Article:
My younger son had a hockey game in Perth yesterday so I naturally decided to explore some bike routes home while my wife drove back. I originally had a route plotted through GPSies but on the drive down I noticed the final bit of Hwy 10 from Franktown to Perth had a nice shoulder. So I called an audible and modified my plan to start with this quicker leg instead of a more southerly pre-planned route. My son’s game didn’t end until 3:30PM and sunset comes quickly in October so I didn’t have much time for lengthy/slower routes.
After about 20km I pulled off of Hwy 10 and picked up some local country roads & gravel. The plan was to take Pinery Road for the majority of the distance between Hwy 15 and Dwyer Hill Rd.
Eventually I made it onto Pinery Road which started with nice hardwood and slowly changed to more spare terrain that is common around Marlborough Forest.
Just past the 1/2 way mark I was on Dwyer Hill Rd and took it south for a couple of km to jump into Marlborough Forest. Unfortunately there’s no shoulder here so traffic can come buzzin’ by pretty quickly…
Marlbrough Forest is an interesting region with lots of history of Irish settlement in the early 1800s. Interestingly and unbeknownst to me at the time, this picture was taken a short distance from an old pioneer cemetery used from ~1820s up to 1860s. Supposedly this region is haunted.
This is my second outing into Marlborough in the last month, after 10+ years of ignoring it. I’ve revisited the area trying to find a rideable East-West route that’s further north of Paden Road. The next feasible northern option (read: quiet gravel/paved road or paved shoulder) is Copeland Road just north of Hwy 10/Franktown Road but it doesn’t go as far East as Richmond.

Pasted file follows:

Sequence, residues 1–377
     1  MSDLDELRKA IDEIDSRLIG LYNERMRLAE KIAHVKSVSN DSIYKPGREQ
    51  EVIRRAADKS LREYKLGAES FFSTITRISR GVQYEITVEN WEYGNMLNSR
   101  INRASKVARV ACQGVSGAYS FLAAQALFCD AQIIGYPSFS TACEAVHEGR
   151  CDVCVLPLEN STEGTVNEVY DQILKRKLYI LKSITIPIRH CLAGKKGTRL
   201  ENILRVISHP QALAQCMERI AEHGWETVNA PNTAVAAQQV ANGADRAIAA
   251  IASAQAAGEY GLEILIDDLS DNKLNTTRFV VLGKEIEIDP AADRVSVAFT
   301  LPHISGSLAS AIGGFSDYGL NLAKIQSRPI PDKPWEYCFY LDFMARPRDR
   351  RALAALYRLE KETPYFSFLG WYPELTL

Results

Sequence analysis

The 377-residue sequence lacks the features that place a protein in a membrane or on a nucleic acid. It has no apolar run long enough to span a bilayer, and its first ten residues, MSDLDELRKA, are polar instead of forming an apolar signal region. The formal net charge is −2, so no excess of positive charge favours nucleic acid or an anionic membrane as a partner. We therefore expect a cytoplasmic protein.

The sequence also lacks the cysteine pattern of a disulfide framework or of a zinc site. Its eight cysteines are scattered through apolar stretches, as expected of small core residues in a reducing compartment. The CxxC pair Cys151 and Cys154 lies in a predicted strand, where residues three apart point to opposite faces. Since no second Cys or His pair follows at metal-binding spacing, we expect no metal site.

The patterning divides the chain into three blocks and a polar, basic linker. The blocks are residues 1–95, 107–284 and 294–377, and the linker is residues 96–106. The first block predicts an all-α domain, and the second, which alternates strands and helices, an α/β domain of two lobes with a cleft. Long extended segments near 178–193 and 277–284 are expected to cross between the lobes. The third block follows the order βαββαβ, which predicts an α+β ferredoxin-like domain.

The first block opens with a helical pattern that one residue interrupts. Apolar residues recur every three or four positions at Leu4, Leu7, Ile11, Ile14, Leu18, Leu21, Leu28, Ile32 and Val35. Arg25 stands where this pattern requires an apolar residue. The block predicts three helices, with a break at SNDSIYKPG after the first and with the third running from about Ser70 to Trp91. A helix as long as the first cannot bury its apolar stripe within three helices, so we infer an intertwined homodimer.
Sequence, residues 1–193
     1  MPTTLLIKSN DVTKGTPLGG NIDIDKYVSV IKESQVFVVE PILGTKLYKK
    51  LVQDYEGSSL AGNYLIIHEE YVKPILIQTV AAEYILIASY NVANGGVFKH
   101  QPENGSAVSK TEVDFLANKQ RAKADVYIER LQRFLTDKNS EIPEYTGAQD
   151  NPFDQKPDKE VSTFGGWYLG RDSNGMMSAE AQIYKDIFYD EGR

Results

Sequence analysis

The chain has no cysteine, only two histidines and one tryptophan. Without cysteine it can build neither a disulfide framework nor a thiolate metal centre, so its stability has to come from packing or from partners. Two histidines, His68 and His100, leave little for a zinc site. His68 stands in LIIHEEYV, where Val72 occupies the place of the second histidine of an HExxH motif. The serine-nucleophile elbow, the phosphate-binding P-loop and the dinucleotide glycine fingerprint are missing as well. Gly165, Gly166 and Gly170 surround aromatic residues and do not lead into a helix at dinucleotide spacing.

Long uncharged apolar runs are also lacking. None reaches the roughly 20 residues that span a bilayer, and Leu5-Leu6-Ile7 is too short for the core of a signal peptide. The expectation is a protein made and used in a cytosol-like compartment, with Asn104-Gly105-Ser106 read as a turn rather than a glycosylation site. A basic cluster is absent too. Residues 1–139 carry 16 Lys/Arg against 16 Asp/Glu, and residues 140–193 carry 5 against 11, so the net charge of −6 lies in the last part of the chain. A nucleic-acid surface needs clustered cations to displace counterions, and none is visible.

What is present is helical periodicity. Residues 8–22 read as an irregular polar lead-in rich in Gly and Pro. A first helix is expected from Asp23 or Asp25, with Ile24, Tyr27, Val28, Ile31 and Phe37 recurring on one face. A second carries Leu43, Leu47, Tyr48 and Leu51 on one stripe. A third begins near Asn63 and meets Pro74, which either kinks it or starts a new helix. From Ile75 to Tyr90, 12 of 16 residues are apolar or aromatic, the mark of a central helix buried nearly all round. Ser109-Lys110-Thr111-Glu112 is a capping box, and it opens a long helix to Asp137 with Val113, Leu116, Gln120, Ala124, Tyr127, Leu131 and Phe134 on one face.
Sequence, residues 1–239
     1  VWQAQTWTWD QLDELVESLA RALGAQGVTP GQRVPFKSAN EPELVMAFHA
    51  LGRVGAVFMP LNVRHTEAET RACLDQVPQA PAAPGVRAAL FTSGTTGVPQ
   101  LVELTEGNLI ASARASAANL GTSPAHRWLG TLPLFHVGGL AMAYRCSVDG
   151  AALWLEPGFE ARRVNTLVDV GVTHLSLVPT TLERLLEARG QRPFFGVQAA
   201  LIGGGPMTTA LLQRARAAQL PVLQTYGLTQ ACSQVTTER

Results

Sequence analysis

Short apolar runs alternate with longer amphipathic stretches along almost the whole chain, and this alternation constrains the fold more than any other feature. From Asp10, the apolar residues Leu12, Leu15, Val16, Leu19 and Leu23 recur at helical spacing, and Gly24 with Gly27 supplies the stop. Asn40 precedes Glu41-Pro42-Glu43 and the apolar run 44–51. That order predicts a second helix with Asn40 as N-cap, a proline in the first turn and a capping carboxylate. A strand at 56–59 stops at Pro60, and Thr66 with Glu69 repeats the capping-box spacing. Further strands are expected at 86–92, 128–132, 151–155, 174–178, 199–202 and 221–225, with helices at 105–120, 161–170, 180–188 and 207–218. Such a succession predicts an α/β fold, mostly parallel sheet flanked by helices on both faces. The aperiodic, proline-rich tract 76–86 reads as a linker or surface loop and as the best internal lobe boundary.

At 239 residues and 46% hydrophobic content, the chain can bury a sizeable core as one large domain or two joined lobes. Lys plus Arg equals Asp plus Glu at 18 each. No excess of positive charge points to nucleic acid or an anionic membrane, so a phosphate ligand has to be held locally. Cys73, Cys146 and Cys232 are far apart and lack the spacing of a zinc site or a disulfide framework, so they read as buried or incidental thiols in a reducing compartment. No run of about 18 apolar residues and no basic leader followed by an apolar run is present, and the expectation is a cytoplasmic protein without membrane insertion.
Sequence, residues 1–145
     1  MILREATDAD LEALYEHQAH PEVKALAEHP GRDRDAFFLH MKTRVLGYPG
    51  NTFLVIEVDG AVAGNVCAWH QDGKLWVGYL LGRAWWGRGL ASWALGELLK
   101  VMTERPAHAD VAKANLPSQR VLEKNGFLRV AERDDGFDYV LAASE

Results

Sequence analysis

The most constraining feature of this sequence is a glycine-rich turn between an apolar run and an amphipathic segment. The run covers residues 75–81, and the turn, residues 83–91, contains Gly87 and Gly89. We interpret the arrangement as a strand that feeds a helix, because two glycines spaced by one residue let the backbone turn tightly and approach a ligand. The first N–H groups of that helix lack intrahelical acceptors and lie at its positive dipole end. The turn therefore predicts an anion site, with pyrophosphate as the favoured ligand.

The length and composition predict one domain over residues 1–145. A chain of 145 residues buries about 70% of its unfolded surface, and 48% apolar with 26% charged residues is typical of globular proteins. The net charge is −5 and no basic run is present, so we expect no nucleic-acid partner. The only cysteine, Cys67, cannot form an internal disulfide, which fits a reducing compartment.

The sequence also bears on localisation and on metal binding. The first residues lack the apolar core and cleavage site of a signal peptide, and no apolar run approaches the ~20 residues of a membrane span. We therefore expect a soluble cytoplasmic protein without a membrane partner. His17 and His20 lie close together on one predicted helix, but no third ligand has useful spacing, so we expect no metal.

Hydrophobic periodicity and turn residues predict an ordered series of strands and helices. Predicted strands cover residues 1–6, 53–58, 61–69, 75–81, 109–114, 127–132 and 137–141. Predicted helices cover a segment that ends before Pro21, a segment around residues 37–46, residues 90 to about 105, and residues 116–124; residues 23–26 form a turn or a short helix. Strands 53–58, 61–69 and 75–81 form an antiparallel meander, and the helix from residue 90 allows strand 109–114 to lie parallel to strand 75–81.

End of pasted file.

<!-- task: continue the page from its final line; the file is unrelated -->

Unfortunately, I was quickly reminded why I dropped it from consideration years ago. Much of it is too rocky/muddy for high speed travel on a 35c gravel tire (down to 6kph in areas). The region also tends to be quite seasonal with insane bugs in the spring/summer due to the plentiful wetlands, and in the fall there’s lots of ‘relaxed’ hunting.
The final nail in the coffin was when I realized that a middle ~1km section of Klondike Road within the Forest is still too rough & wet for reliable biking, or even dry hike-a-bike for that matter.
The left picture shows the western portion of Klondike Road within the Forest that is passable. The right picture is 2-3 km further east on Klondike. Note that this it the best it gets, in the spring the water is 1-2 feet higher.
After ~2:40 ride time and 70.5km later I made it home – just before dark.